The bracket member includes means extending upwardly from the top surface of the U-shaped clamp portion for providing supplemental stability for the fixture, this means including an upwardly extending abutment element adapted for engagement with the lower surface of the seat portion of the water closet when installed in situ.
The liner further includes an upper body portion extending above the peripheral flange portion thereof and terminating in a rim portion extending downwardly and outwardly of the upper body portion for removably receiving a locking cover member having a locking rim portion for engagement with the upper body rim portion when the cover member is secured to the liner.
For the fuller understanding of the nature and advantages of the invention, reference should be had to the ensuing detailed description taken in conjunction with the accompanying drawings.
FIG. 1 is an exploded perspective view of a first embodiment of the invention;
FIG. 2 is a sectional view taken along lines 2--2 of FIG. 1;
FIG. 3 is a top plan view of the liner and carrier member of FIG. 1;
FIG. 4 is a schematic partial view of the inner wall surface of the liner;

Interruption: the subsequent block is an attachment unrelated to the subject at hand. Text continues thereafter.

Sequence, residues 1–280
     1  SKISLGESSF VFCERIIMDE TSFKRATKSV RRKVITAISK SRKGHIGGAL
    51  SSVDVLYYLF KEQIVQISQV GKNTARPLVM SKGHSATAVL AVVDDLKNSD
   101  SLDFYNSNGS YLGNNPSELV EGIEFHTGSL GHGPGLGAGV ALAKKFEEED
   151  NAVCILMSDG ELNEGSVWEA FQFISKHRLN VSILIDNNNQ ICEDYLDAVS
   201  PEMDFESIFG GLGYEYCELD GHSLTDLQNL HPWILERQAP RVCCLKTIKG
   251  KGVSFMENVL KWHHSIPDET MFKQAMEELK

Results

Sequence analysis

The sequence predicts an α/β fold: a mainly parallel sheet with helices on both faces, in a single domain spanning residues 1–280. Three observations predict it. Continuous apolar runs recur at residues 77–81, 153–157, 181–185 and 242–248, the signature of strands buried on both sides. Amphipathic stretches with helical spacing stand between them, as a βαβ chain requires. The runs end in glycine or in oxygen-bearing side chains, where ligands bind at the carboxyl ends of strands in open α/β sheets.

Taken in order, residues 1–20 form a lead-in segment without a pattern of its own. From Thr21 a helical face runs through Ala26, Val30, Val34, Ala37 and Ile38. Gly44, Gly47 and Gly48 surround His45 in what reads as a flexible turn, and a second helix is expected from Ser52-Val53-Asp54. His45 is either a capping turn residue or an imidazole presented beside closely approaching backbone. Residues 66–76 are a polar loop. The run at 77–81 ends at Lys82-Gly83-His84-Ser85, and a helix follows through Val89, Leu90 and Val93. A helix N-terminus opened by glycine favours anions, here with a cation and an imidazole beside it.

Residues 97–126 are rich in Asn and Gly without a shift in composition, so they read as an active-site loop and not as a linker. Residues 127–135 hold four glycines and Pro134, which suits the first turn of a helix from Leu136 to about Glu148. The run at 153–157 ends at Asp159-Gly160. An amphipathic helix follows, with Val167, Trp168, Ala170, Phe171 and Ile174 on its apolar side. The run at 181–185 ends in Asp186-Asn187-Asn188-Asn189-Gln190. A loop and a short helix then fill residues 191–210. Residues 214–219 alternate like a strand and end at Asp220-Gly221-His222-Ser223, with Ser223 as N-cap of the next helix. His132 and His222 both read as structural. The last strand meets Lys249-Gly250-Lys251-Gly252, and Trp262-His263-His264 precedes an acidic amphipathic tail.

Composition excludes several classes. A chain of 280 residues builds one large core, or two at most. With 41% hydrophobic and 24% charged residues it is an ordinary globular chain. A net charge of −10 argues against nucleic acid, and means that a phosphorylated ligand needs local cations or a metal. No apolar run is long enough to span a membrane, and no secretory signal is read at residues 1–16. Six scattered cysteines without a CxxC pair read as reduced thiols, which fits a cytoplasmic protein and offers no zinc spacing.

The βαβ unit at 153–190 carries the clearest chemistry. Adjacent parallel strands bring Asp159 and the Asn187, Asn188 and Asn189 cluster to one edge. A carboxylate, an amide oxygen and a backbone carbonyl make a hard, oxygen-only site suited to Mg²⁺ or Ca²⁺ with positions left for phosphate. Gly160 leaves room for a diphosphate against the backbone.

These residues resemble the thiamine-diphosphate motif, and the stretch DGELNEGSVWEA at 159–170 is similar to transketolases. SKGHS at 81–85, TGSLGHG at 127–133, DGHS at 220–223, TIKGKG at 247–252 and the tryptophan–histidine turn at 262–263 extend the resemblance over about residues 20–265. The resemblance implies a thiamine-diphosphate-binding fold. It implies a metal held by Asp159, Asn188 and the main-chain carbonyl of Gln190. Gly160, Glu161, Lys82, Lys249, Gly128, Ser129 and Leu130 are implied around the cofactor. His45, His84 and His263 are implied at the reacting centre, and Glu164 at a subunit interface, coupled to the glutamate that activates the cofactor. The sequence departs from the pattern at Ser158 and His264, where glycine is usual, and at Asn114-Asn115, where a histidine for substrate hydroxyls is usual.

FIG. 5 is an exploded perspective view of an alternate embodiment of the invention; and
FIG. 6 is a sectional view taken along lines 6--6 of FIG. 5.
Turning now to the drawings, FIG. 1 illustrates a first embodiment of the invention. As seen in this figure, a fixture 10 for removably receiving a liner assembly 12 includes an annular receptacle portion 13 having an upper peripheral flange portion 14 and a generally U-shaped member 15 secured to a bracket member 16 by means of a pair of mating bolts 17 and nuts 18 (FIG. 2). Member 15 is secured to the outer wall of portion 13 in any convenient fashion, e.g. by welding or using suitable nuts and bolts. Bracket member 16 is an integrally formed member having an upper inverted U-shaped portion 20, a curved leg portion 21, and an intermediate spacer portion 22. U-shaped portion 20 includes a pair of outwardly and downwardly extending leg members 23, 24, and is dimensioned to embrace the peripheral lip of a conventional water closet or commode illustrated in phantom in FIGS. 1 and 2 so that receptacle 10 may be readily removably attached thereto. Spacer portion 22 provides sufficient clearance from the inner edge of the commode lip to accommodate liner assembly 12 and receptacle 13 and to position these members in an optimum location for receiving specimens. Leg portion 21 is curved so that the end portion thereof bears against the inner wall surface of the water closet basin in order to provide stable support for liner assembly 12 and receptacle 13 in concert with U-shaped portion 20 when bracket member 16 is installed in the water closet. Preferably, bracket member 16 is fabricated from stainless steel of sufficient gauge to enable leg portion 21 to provide a slightly resilient support in order to account for variation in the inner wall surface taper of different water closets.